In just a few weeks’ time, 1000’s of Early Years educators around the world will be taking part in World Nursery Rhyme Week – a global initiative launched in 2013 which promotes the importance of nursery rhymes in early childhood development.
But why are nursery rhymes so important in early childhood and what can Early Years educators do to ensure that traditional nursery rhymes are never forgotten?
Experts in literacy and child development have discovered that if children know eight nursery rhymes by heart by the time they're four years old, they're usually among the best readers by the time they're eight. -
Mem Fox, Reading Magic.
Nursery rhymes provide bite-sized learning opportunities for young children to develop key developmental skills and can often be the trigger for hours of creative and open-ended play. They are a powerful learning source in early literacy and enable children to become interested in the rhythm and patterns of language. Consider the alliteration in “A Sailor Went to Sea Sea Sea”, or the onomatopoeia in “Baa Baa Black Sheep” and rhyme in “Twinkle Twinkle Little Star”. Many nursery rhymes are also repetitive which can support the development of memory and kickstart the practice of listening and speaking.
Nursery rhymes provide other key benefits such as:
Communication and Language Development
Rhymes are fantastic vocabulary boosters. They often feature a pleasing rhythmic pattern and simple repetitive phrases that babies and young children find easy to remember and repeat. In order to develop their phonological awareness, children need to be repeatedly exposed to spoken language and nursery rhymes provide the perfect way to do this.
The opportunity to ‘act out’ a favourite rhyme will be a welcome activity for active minds and fidgety bodies. Physical participation in action songs encourage children to develop their fine and gross motor control skills as well as balance, coordination and the skills needed to follow simple instructions.
Counting songs (e.g “Five Currant Buns”) help to develop a familiarity with number sounds and words in a way that is fun and interesting to a young child. Songs such as ‘When Goldilocks Went To The House Of The Bears’ also introduce the concept of scale, size and order. Familiarity with counting songs provides the foundation for crucial numeracy skills and awareness.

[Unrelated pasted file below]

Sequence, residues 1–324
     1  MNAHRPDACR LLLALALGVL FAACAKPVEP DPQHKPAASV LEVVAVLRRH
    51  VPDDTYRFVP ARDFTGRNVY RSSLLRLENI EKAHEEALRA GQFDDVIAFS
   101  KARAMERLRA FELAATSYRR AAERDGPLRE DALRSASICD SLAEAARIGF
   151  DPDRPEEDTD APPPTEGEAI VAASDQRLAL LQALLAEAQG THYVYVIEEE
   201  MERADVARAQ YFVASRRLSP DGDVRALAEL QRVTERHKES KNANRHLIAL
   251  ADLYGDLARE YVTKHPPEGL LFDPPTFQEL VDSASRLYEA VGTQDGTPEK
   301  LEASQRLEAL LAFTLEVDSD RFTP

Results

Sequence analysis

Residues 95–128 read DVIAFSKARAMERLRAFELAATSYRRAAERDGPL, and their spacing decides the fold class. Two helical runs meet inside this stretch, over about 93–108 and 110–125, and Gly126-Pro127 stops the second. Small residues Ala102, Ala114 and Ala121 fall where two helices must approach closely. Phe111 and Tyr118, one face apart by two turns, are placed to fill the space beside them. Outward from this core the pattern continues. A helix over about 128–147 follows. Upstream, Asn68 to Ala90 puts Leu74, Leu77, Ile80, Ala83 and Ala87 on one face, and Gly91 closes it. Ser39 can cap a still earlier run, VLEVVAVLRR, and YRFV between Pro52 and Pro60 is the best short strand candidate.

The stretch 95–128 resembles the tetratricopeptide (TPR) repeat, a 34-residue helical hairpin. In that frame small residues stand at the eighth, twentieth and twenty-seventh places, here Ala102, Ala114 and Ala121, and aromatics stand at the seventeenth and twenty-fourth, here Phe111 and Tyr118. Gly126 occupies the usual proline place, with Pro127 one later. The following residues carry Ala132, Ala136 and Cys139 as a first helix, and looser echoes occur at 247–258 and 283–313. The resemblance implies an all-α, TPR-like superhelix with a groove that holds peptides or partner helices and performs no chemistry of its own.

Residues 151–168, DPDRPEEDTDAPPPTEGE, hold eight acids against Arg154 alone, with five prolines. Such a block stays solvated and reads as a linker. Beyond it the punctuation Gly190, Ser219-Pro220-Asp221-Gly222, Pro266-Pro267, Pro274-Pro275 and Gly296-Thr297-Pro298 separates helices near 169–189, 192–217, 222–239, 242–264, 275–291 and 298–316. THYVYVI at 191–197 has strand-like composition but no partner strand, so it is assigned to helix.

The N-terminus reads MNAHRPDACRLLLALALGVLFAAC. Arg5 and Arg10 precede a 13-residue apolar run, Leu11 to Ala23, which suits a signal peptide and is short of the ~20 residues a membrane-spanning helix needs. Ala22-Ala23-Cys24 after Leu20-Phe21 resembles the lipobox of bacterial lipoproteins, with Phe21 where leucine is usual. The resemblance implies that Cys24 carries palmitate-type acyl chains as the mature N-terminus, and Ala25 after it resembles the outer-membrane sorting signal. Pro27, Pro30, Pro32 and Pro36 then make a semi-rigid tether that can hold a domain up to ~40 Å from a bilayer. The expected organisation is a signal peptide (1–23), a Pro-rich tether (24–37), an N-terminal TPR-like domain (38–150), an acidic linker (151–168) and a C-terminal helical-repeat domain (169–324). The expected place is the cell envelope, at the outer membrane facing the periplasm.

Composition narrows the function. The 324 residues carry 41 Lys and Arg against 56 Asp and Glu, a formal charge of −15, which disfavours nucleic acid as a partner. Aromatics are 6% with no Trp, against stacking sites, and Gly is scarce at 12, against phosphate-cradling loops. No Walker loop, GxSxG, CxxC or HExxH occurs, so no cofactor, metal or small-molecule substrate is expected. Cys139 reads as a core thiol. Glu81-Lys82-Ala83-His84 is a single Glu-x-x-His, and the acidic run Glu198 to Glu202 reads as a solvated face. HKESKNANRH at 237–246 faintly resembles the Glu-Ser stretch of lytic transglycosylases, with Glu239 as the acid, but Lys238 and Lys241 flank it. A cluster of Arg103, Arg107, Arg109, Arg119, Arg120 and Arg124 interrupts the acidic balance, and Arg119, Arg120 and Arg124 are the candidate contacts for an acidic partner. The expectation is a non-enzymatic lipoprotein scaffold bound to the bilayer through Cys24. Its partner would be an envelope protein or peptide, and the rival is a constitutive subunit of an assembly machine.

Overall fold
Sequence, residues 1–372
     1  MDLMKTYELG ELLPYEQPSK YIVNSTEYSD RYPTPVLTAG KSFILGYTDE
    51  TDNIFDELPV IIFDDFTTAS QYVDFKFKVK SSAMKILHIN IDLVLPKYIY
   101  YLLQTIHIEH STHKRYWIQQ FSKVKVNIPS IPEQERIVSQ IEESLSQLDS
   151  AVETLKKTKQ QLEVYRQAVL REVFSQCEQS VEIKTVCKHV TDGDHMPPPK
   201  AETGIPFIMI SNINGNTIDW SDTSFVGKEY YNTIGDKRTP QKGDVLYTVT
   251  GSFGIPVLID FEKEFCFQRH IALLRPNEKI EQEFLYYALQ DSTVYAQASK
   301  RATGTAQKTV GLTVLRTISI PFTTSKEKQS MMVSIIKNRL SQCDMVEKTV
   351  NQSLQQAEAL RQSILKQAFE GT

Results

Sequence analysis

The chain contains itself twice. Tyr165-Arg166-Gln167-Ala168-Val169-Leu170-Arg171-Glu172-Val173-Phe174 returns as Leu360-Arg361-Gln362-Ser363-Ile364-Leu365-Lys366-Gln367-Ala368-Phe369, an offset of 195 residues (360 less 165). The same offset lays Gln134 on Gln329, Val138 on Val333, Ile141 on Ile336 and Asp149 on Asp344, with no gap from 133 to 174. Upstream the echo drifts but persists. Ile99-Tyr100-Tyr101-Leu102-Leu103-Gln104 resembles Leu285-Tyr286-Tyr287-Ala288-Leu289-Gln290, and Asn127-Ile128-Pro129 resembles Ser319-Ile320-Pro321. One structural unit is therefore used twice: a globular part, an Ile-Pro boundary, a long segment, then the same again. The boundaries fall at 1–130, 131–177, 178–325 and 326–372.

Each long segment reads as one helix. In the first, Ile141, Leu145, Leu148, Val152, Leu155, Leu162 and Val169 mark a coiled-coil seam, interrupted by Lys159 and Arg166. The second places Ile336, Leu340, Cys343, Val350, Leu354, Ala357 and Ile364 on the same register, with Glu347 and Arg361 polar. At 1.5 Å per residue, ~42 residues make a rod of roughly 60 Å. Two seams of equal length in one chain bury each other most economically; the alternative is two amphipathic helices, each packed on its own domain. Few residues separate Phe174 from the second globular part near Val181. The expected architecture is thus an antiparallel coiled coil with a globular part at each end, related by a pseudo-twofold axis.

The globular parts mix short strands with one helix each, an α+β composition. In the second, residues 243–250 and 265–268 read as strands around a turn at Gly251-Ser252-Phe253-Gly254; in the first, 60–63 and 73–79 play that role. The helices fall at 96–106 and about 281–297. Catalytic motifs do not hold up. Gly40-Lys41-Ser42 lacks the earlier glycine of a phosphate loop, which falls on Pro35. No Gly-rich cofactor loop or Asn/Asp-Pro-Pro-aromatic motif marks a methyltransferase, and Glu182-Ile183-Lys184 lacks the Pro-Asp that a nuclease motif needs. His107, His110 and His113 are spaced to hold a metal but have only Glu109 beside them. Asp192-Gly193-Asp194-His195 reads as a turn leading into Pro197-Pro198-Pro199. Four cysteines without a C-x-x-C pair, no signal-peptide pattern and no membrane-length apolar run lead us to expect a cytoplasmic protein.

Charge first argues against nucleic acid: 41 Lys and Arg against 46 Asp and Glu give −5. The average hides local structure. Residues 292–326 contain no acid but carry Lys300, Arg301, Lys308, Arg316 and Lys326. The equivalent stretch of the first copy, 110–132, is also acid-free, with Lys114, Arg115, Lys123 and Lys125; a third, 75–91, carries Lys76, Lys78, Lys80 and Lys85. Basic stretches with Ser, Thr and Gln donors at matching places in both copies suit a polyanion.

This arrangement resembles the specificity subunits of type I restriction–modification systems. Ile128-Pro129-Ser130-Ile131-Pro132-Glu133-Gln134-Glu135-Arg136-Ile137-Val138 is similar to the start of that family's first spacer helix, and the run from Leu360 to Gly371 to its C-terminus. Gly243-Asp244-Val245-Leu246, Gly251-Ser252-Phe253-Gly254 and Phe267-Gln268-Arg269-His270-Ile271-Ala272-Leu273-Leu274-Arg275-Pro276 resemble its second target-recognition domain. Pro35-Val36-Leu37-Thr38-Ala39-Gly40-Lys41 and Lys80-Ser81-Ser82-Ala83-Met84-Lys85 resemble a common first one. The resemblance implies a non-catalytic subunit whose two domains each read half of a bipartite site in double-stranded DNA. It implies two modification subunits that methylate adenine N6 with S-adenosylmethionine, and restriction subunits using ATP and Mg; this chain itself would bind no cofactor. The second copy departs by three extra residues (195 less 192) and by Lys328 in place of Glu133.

Understanding the World
Children find many nursery rhymes very relatable to their own everyday experiences and will enjoy sharing these moments with their caregiver or practitioner such as a trip to the park with Daddy to feed the ducks (Five Little Ducks), or sharing a picture book with a Grandparent about boats (Row Row Row Your Boat). Practitioners can encourage conversations with the children in their care, helping to strengthen the bond between the setting and home.
The act of singing a rhyme or engaging with it physically, encourages children to express themselves in a creative way and to find their own personal ‘voice'. Role play opportunities present themselves with different characters and events within the rhyme that children can respond to either individually or as a group. Open-ended play opportunities are also possible with paints, clay, wet sand or loose parts.
Five easy ways to introduce rhymes into your setting:
Rhymes can be sung or chanted at any time throughout the day. They are short and quick making them easy to slot into the daily routine. Here are 5 easy ways to introduce nursery rhymes into your setting.
- Choose a simple rhyme and use it to accompany one of your daily routines such as a walk to the playpark or a craft activity.
- Introduce ‘Rhyme Of The Week’ and make a point of singing the rhyme 2 or 3 times each day. Most nursery rhymes take no more than 1 or 2 minutes to sing so this is any easy way to build up lots of repetition.
- Share picture books of rhymes with your children and encourage them to talk about the characters and the events that unfold within the rhyme.
Put together a ‘Rhyme Bag’ for children to explore and fill it with rhyme related objects such as puppets, cookie cutters (Five Currant Buns), small world characters, a toy tea-pot and cup and saucer (Polly Put The Kettle On, I’m A Little Teapot) or rubber ducks (Five Little Ducks).
Create a Flash Card of lyrics for lots of different nursery rhymes and encourage staff members within your setting to learn the rhymes and look for ways to introduce them at various times of the day.
Modern technology has meant that children are now exposed to more songs than ever before such as pop songs, theme tunes and advertising jingles. However, young children have the capacity to learn and retain an enormous repertoire of songs and tunes leaving plenty of room and opportunity for traditional nursery rhymes.
World Nursery Rhyme Week runs every year in November. Launched by Music Bugs in 2013, all downloadable resources for the initiative are free. Since it’s launch, over 3 million children have taken part.
To register and download the free resources visit: www.worldnurseryrhymeweek.com